What are you trying to solve for? Do you need/want liquidity? What returns are you trying to make? how much do you want to do? Are you open to tax complications (K-1's, etc?). Will this investment be in a tax advantaged account or taxable or both? What is your desired level of diversification/volatility? 

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For me, I just try to keep it simple. The basic underpinnings of RE investing rely on scarcity and an irreplaceable or desired nature of the asset. So look for good assets. Cash flow is important but IMO overrated. You want optionality. You also should look at the type of debt, specifically term and recourse/non-recourse nature. Management is important, but IMO again overrated. The number one thing I focus on after the above is then what is the private market telling you in relation to the asset/collection of assets? If you can get in at a discount you compensate greatly for other things, specifically, Ive found, less than stellar management. You also dont want to invest where there are secular headwinds, unless, and thats a big unless, the assets are best in class and have optionality. SPG comes to mind there. Same with a lot of other retail. Good retail in a hot area is probably one of the best asset classes to own, especially when the market sentiment is penalizing great assets because of bad ones(or good companies like SPG because of bad ones like WPG). Rural housing in a sub optimal economic location won't do it. Sub par housing in an optimal economic location, IE NY/SF, is money. Or think Simon malls. Great locations, optionality. Just in the past 2 years Ive seen a local Simon mall, basically for shits, carve up several random pieces of parking lot space and turn them into restaurants or NNN lease type assets. 

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1 hour ago, Gregmal said:

For me, I just try to keep it simple. The basic underpinnings of RE investing rely on scarcity and an irreplaceable or desired nature of the asset. So look for good assets. Cash flow is important but IMO overrated. You want optionality. You also should look at the type of debt, specifically term and recourse/non-recourse nature. Management is important, but IMO again overrated. The number one thing I focus on after the above is then what is the private market telling you in relation to the asset/collection of assets? If you can get in at a discount you compensate greatly for other things, specifically, Ive found, less than stellar management. You also dont want to invest where there are secular headwinds, unless, and thats a big unless, the assets are best in class and have optionality. SPG comes to mind there. Same with a lot of other retail. Good retail in a hot area is probably one of the best asset classes to own, especially when the market sentiment is penalizing great assets because of bad ones(or good companies like SPG because of bad ones like WPG). Rural housing in a sub optimal economic location won't do it. Sub par housing in an optimal economic location, IE NY/SF, is money. Or think Simon malls. Great locations, optionality. Just in the past 2 years Ive seen a local Simon mall, basically for shits, carve up several random pieces of parking lot space and turn them into restaurants or NNN lease type assets.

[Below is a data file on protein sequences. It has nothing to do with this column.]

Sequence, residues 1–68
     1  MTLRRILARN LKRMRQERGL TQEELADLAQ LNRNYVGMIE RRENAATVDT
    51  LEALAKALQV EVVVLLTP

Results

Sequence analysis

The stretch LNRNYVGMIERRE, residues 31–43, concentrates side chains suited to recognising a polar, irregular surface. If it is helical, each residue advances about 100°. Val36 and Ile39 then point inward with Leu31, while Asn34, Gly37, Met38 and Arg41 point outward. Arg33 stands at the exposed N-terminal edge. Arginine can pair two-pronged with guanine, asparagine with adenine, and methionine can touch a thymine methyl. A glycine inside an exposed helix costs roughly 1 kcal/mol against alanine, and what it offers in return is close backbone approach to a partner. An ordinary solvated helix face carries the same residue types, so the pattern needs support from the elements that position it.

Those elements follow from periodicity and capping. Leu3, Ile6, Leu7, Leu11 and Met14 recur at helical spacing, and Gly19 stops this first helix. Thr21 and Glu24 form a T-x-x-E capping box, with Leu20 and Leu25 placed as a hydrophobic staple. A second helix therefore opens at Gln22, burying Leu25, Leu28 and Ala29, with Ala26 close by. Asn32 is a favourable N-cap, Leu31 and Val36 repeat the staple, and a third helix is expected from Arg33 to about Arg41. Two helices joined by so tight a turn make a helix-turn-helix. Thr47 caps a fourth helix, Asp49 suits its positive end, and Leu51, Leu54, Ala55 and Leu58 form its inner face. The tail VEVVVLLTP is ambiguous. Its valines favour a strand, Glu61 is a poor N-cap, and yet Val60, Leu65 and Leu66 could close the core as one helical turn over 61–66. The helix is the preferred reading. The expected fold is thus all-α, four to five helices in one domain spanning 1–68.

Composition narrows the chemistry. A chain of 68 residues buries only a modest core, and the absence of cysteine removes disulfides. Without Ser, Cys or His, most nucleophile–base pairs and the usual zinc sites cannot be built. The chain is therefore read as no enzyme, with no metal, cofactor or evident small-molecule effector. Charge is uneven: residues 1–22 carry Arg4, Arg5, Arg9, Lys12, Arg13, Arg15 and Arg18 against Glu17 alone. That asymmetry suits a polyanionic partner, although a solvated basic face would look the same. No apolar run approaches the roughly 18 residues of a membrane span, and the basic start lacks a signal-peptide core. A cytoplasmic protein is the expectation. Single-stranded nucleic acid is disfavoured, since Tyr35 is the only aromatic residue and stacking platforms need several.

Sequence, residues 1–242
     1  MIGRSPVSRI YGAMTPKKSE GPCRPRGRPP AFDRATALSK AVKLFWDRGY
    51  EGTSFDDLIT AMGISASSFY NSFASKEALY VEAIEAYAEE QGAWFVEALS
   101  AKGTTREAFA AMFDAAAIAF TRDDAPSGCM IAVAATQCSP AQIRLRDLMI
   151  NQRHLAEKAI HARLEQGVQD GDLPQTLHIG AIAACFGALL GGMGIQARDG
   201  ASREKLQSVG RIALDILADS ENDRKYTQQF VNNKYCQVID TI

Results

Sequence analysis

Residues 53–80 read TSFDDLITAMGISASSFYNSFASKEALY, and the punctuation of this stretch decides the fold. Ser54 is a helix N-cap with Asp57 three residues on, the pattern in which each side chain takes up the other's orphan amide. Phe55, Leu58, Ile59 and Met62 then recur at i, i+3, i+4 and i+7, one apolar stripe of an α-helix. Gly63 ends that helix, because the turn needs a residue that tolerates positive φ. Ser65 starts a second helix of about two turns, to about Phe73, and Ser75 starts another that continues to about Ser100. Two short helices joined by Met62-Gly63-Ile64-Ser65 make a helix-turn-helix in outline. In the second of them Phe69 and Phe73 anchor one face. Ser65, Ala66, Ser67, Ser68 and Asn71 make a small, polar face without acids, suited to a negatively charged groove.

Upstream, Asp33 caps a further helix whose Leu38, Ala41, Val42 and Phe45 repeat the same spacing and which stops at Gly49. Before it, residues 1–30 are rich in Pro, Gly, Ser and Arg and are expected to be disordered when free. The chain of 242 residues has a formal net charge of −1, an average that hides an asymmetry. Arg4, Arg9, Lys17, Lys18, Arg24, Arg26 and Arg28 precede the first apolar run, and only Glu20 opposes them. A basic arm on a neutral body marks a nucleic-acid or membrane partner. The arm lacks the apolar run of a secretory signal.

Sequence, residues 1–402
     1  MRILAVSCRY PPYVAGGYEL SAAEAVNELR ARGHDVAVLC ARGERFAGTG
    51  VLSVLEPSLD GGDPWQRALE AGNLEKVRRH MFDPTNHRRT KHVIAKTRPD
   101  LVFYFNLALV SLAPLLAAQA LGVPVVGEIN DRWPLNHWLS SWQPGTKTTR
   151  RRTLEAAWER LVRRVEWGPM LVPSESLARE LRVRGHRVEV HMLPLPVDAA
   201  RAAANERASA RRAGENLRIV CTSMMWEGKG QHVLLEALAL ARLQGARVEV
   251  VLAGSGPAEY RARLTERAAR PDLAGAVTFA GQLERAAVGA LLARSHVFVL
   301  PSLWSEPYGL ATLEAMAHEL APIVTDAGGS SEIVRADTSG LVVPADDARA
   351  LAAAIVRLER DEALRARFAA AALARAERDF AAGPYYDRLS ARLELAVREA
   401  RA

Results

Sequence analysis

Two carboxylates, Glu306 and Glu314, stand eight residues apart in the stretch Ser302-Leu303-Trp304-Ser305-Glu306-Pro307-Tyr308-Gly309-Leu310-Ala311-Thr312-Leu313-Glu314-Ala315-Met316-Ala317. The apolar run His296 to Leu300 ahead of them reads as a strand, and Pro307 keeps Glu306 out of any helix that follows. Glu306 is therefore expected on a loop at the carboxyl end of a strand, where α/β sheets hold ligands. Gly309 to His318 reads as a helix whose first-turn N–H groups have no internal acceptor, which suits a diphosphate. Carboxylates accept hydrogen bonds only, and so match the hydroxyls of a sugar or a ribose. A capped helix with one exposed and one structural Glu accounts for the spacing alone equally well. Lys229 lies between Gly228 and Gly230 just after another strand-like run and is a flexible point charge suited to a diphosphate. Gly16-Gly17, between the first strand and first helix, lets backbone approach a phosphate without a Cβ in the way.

@Gregmal I want to shit on SPG and then I realize that you're teaching me stuff and I am too emotionally tied to my prior.  Part of what I want to work on in 2022 will be to be more open minded and avoid biases 

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3 hours ago, mcliu said:

Thanks Bg2000! Good suggestions and lots of great leads I’ll start digging into.

It does seem like there’s a lot of digging into individual properties or portfolios to invest successfully in this area, especially in private RE.

Ideally I would love to just find a few good public owner-operators that I can just passively invest with for years.

 

Start with FRPH and look over their Investor Day presentation.  From a valuation perspective, use 5% cap rate for their royalty business, 4.25% for their multi-family, and book value for projects they invest in.  If you can get to the current price, then you know you get a lot of optionality for free on their future developments in the waterfront in DC, the land sale in Fort Myers in 2028, and etc.  I think NAV is $90 currently and $110 in 2 years.  But I probably have the highest valuation of all out there.  They own some of the best assets out there and if you google FRP Holdings, you'll find some letters, presentations, and Substack writes up.  There are a range of valuations.  The RE specialist tends to have higher NAVs the generalists tend to have lower NAV, but everyone tend to agree that the Baker family is shareholder friendly and FRPH is trading at some discount to NAV.  What's important is that they are good capital allocators.  I have done some math, most of their projects earns 20-30% IRRs from writing the checks to stabilization.  I don't think they have invested in anything that earns less than 15% IRR in the last 5-6 years.  What's even more impressive is that they have allocated very well into opportunity zones following the sale of their warehouses to Blackstone.  OZ investments tend to target 6-8% due to the tax advantage nature.